Voices: Covering the president can be a matter of life or death. Covering Naomi Biden's wedding is not

APTOPIX White House Wedding (Copyright 2022 The Associated Press. All rights reserved)
APTOPIX White House Wedding (Copyright 2022 The Associated Press. All rights reserved)

Among the more tedious duties that come with being assigned to the White House press corps is something called “pool duty”.

Each day, reporters from the three major wire services (the Associated Press, Bloomberg and Reuters) will join a radio network correspondent, a television correspondent and camera crew, and a correspondent from one of 30 or so print or online publications to cover whatever it is that the president is doing that day.

That small group follows the sitting president wherever he may go, whether by car, plane, or helicopter. Even if the press isn’t allowed in wherever the president may be, they’ll “hold” outside, usually in a van or another suitable and nearby location. But a cardinal rule of what some have taken to calling the “body watch” is that reporters and photographers should always be on hand to see the president arrive and leave.

White House reporters don’t take kindly to being kept away, either. After then-president-elect Donald Trump ditched his press pool multiple times in a week in late 2016, the White House Correspondents’ Association issued a sternly-worded statement calling it “unacceptable for the next president of the United States to travel without a regular pool to record his movements and inform the public about his whereabouts”.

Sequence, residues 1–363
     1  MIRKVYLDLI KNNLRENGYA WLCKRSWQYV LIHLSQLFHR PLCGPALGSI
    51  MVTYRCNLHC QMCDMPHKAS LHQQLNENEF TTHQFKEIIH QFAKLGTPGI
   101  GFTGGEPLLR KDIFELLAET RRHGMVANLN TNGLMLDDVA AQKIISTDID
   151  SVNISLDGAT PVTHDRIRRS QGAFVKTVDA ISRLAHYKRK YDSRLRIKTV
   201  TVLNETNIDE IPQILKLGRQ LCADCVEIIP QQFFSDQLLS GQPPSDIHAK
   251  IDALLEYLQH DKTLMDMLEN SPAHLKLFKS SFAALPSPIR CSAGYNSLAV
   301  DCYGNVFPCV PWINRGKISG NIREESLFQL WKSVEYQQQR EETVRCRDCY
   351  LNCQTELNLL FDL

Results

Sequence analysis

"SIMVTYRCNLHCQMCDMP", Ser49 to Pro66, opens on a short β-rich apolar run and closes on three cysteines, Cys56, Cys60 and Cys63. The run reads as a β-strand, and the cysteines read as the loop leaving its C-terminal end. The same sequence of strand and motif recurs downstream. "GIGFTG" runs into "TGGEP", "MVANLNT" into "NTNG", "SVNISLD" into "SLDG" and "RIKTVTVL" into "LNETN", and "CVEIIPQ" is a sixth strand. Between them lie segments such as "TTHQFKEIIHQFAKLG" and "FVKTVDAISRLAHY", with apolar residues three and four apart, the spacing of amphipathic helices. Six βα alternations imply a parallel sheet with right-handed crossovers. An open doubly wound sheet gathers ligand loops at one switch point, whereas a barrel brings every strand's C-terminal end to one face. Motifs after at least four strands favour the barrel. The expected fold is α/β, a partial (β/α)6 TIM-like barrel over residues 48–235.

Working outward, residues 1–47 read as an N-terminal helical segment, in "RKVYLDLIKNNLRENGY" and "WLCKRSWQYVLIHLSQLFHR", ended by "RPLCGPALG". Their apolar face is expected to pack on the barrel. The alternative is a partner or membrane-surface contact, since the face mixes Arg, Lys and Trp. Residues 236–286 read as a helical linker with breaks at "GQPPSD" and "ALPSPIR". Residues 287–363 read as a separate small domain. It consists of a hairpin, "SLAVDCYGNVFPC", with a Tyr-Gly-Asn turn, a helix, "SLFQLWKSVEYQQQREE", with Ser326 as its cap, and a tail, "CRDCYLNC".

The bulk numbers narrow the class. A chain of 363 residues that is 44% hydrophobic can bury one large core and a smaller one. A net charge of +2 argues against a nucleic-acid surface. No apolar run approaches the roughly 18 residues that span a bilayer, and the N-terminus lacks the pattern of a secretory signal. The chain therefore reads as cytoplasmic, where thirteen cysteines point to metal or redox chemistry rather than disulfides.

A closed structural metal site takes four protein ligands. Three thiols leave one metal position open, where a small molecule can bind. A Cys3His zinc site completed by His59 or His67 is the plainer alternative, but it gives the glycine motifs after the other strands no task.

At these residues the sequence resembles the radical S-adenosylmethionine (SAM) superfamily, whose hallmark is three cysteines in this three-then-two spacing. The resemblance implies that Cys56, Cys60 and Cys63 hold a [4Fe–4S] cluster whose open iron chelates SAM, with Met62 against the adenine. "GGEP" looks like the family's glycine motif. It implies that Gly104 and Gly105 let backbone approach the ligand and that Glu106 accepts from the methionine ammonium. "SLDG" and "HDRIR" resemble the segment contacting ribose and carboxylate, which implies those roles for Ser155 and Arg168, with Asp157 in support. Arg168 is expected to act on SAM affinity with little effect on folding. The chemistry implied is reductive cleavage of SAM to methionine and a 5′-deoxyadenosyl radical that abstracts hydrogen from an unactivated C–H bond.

There’s an important — and macabre — reason for this.

Just over 59 years ago, the press pool was how the world first heard that shots had been fired at President John F Kennedy’s motorcade during a visit to Dallas, Texas.

Merriman Smith, the United Press International reporter in the press car trailing Kennedy’s limousine, had heard the three gunshots that Lee Harvey Oswald fired from the Texas School Book Depository. He picked up the primitive radiotelephone provided for press use and called the story in.


Another 17 years later, the press pool was how the world first saw the horrifying images of the 1981 assassination attempt on then-president Ronald Reagan as he exited the Washington, DC Hilton hotel.

Footage shot by the NBC News pool crew captured the dreadful moment when a mentally ill man fired six shots at Reagan, panned right to show a swarm of police and Secret Service agents tackle the assassin, panned back to the left as Reagan’s limousine sped away, then zoomed in on the awful sight of White House Press Secretary James Brady lying facedown as blood seeped from a wound on his head.

Given the history involved, one might believe the outrage reporters showed this week after Vogue published a glossy exclusive on the White House wedding of President Joe Biden’s granddaughter, Naomi Biden, was informed by their knowledge that having the “pool” go wherever the president goes is deadly serious business.

After Vogue published its’ story, colleagues of mine at the Associated Press, Bloomberg News, CNN, The Washington Post, The New York Times, and the Daily Mail all took to Twitter to register their displeasure with Brady’s present-day successor, Karine Jean-Pierre.

Last week, Ms Jean-Pierre had said that Ms Biden’s wedding was being conducted as a private event, and stressed that no reporter from any news outlet would be permitted to cover the happy occasion.